Krishnan Chatterjee is a multi-disciplinary strategic marketer with experience straddling across consumer goods and technology industries. Currently, senior vice-president and head of strategic marketing at HCL Technologies, he is acknowledged for incubating the global marketing team and evolving a differential positioning for HCLT, India’s fourth-largest software services exporter by revenue. The company’s strong focus in developing next generation propositions around digitalisation, engineering platform services and targeting operating model for enterprise IT have allowed it to gain significant market share in the global IT services market. “The nature of spending in technology is dramatically changing. As technology is becoming a source of competitive edge, businesses are increasingly participating in the buy side,” he tells Sudhir Chowdhary in a recent interaction. Excerpts:
Give us a sense of the big story emerging out of HCL Technologies. Where is it headed?
In order to understand HCL’s big story, you have got to start with a little game we play, which we call ‘One Five Fifteen’. When we closed fiscal 2014, the company crossed a billion EBIT, $5 billion revenue and $15 billion market cap. There are only 8 companies in this metrics. So it’s a pretty good place to be for at least 14 years, since the company visibly made its presence felt in the market. Historically, this is a company which has always had to depend on innovation. It never had the bulwark of, let’s say, the commodity EDM kind of business in our sector to fall back on.
If you go back in time, the company has always been strong in engineering and R&D services, so it was a product company moving into services.
Then in 2008, the enterprise systems business with the Axon acquisition was again our first. In 2009, we spotted the rebid market opportunity as the recession descended on the world and the whole ITO rebid what we call IT outsourcing, the rebid market which we have done well over the last few years. Then about 18 months back, we spotted this trend of proactive obsolescence as the cloud started disrupting the economics of IT. That’s when we launched things like ALT ASM which is a proposition that helps shrink the application support work.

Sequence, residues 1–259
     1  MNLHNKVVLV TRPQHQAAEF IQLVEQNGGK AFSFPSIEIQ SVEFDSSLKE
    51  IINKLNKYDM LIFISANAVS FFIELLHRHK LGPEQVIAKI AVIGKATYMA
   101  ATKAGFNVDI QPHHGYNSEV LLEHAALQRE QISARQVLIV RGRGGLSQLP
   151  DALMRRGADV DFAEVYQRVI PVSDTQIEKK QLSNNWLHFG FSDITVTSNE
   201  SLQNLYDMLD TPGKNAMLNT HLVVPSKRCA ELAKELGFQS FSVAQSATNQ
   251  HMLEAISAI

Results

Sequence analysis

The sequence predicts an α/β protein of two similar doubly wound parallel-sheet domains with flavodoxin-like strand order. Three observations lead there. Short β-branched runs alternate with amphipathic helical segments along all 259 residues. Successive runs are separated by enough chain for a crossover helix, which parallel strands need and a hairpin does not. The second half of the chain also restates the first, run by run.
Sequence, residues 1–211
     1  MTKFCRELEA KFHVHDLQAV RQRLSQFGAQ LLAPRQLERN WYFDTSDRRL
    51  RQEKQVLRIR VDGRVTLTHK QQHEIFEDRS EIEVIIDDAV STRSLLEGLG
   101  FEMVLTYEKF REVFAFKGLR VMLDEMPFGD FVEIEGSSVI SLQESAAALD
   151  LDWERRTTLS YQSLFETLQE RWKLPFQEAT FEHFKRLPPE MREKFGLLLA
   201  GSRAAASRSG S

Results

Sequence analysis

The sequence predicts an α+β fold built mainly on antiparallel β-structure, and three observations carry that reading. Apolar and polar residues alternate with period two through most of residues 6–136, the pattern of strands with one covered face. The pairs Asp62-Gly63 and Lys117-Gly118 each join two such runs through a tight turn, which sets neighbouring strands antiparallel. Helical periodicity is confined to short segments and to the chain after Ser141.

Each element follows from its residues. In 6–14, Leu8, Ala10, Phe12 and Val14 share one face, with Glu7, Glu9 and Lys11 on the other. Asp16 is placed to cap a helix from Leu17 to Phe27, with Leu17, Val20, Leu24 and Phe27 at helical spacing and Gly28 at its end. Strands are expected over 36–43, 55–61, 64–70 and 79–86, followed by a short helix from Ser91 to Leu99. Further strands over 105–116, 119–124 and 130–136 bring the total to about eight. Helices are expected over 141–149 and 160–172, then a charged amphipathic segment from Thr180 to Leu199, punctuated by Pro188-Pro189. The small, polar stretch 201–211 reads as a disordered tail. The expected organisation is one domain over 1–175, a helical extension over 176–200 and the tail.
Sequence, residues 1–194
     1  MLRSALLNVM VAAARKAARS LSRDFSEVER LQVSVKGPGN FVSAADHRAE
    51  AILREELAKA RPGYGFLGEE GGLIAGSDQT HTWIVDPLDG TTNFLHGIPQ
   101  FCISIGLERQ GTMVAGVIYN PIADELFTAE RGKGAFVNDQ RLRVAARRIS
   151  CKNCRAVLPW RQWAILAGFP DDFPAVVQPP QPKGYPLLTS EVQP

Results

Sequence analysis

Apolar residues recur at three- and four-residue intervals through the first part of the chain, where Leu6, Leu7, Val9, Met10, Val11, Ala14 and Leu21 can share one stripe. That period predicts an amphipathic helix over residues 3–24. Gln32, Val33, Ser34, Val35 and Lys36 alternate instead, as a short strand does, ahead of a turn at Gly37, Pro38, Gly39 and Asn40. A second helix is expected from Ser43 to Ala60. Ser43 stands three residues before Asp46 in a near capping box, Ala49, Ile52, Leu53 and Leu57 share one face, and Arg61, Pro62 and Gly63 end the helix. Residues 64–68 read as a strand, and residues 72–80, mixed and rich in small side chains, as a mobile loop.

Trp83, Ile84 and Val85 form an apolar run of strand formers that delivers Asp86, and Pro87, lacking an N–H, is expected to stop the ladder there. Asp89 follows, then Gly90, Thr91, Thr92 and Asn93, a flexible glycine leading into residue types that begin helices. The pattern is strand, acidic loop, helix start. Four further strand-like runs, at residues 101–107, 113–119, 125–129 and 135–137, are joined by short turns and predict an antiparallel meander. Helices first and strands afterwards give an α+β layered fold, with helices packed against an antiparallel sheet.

What is encouraging is as we stand on 2015 today, there are two very nice disruptive opportunities in front of us. The first is this whole thing of structured engineering outsourcing. The second disruption that is clear upon all of us is the digital business. The digital business transformation and what is happening here is very simple. Today if you are on the board or the CEO of any major company, you are finding that competitiveness is moving towards born digital company. You can’t just set up a digital business model and then not operationalise it, and operationalising it is a very unique process.
What were the key takeaways from the December quarter?
I can tell you there are three key takeaways that I see and again going back to the business model conversation. First is that it’s a solid sustained business performance and if you look at the business model and then come back and look at these numbers, HCL is not a quarterly story. You have to look at it on a year-on-year basis.
The second is that we have a significantly balanced portfolio which is very good as momentum switches. So we saw momentum over the last few years because of the rebid market in infrastructure services, we saw the growth there. Now as momentum is shifting towards engineering services, you are seeing HCL perform well. So as long as you hold the balanced portfolio which is pretty much our service line mix, where the momentum goes so you go there.
The third key takeaway is that we are encouraged by our ability to work in disruptive environments and the fact that there are multiple disruptions. So beyond the rebid of ITO we can see engineering and we can see digital too has disruptive opportunities, which is very encouraging.